CARMMHA hosted several workshops and demonstrations at the Girl Scouts B.I.G. (Believe In Girls) event at the University of New Orleans. The girls learned about how scientists study dolphin health and participated in a mock dolphin assessment. See the CARMMHA website.

Science Education and Outreach at Festivals, Camps, and Events

Sharing science can be lots of fun, especially during events that have a light-hearted atmosphere where people gather for a good time. This past year, researchers and outreach staff from consortia funded by the Gulf of Mexico Research Initiative participated in a variety of events to share ocean and marine science that’s being used to study the Deepwater Horizon oil spill.

Atlantic croaker (Micropogonias undulatus) Gulf of Mexico. Credit: SEFSC Pascagoula Laboratory; Collection of Brandi Noble, NOAA/NMFS/SEFSC

Study Shows Oil Exposure Not Likely to Reduce Fish’s Ability to Compensate for Hypoxia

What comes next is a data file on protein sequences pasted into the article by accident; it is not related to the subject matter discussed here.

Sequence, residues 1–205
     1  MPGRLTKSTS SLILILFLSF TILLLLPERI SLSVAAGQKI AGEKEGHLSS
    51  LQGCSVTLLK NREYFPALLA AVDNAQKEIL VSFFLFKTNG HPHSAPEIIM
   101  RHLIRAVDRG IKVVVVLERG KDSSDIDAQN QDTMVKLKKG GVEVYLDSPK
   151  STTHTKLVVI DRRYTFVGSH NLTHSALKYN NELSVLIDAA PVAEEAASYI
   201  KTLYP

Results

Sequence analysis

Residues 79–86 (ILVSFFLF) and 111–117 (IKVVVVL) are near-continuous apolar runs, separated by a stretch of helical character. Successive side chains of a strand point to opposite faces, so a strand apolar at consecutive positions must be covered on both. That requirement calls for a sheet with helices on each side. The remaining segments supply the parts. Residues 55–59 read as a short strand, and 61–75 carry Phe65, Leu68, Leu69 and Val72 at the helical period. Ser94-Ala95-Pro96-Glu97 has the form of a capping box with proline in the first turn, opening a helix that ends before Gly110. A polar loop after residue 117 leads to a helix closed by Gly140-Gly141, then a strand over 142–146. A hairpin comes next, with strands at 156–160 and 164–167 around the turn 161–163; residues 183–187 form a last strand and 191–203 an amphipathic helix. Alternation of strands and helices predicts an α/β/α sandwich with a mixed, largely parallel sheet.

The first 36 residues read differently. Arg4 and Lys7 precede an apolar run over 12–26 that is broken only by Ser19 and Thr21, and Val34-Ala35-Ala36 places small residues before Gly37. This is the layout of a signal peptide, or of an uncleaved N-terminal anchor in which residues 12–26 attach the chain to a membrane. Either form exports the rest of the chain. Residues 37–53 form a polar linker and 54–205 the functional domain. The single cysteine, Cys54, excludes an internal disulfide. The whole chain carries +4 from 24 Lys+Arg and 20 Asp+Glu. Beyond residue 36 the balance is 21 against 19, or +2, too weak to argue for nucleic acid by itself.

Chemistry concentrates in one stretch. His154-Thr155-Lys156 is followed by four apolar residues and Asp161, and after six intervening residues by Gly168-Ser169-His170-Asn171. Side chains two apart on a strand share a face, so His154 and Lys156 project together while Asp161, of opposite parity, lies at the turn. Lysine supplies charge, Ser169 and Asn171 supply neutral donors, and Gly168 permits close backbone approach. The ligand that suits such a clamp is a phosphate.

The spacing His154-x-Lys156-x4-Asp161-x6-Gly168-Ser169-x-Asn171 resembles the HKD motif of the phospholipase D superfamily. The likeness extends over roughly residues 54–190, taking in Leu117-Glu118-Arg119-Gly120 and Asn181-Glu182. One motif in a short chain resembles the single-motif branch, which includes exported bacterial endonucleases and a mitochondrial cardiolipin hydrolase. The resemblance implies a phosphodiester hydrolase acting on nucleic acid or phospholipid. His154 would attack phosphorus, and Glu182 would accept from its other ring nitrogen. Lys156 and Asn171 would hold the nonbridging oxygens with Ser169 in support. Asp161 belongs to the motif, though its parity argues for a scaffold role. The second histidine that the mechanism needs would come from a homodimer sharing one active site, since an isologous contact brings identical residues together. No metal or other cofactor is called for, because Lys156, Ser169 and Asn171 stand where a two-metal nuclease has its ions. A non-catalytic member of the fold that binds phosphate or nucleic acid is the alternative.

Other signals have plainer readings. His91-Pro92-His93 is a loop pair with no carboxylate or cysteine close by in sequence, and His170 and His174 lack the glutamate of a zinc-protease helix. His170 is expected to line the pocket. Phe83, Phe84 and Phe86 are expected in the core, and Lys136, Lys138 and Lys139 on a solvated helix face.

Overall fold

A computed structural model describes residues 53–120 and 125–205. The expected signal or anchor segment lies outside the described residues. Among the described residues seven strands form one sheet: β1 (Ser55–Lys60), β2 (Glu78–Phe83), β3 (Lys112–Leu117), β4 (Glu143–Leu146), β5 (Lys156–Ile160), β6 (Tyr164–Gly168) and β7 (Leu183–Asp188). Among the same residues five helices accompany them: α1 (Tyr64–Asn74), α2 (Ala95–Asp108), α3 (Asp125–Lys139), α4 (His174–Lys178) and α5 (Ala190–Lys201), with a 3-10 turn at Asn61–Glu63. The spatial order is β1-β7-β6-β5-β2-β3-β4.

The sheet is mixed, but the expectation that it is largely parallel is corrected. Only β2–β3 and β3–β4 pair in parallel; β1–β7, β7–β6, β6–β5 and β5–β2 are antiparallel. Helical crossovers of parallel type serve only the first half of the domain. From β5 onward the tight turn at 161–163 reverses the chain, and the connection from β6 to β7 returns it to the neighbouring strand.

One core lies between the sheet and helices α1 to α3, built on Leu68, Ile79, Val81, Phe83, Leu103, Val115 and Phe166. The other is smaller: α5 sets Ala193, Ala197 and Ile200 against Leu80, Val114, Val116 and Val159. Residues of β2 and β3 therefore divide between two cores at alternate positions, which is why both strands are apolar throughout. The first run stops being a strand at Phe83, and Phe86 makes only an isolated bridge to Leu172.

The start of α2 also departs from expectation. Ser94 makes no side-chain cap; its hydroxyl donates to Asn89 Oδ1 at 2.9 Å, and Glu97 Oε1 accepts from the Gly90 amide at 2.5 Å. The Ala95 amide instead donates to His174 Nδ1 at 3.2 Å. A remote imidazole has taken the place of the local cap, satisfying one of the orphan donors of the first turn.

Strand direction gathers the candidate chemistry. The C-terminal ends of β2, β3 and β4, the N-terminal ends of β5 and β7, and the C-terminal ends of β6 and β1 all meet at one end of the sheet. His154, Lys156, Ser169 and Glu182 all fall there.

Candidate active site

Researchers conducted experiments on Atlantic Croaker to determine if oil-induced respiratory impairment affects the fish’s tolerance to hypoxia. There were no observed effects from the combined stressors (oil exposure and hypoxia) on fish’s average critical oxygen threshold levels or its capacity to withstand hypoxia.

Lela Schlenker holds a device used to outfit captured mahi-mahi with data-collecting tags. (Provided by RECOVER)

How Grad Student Schlenker “Sniffs Out” Oil’s Effects on Mahi-Mahi

Laboratory studies at the University of Miami suggest that exposure to Deepwater Horizon oil may have negatively affected heart function in mahi-mahi, reducing their ability to swim efficiently. Lela Schlenker is expanding that research to investigate if and how oil exposure alters the way mahi-mahi migrate and respond to predators and prey in the wild.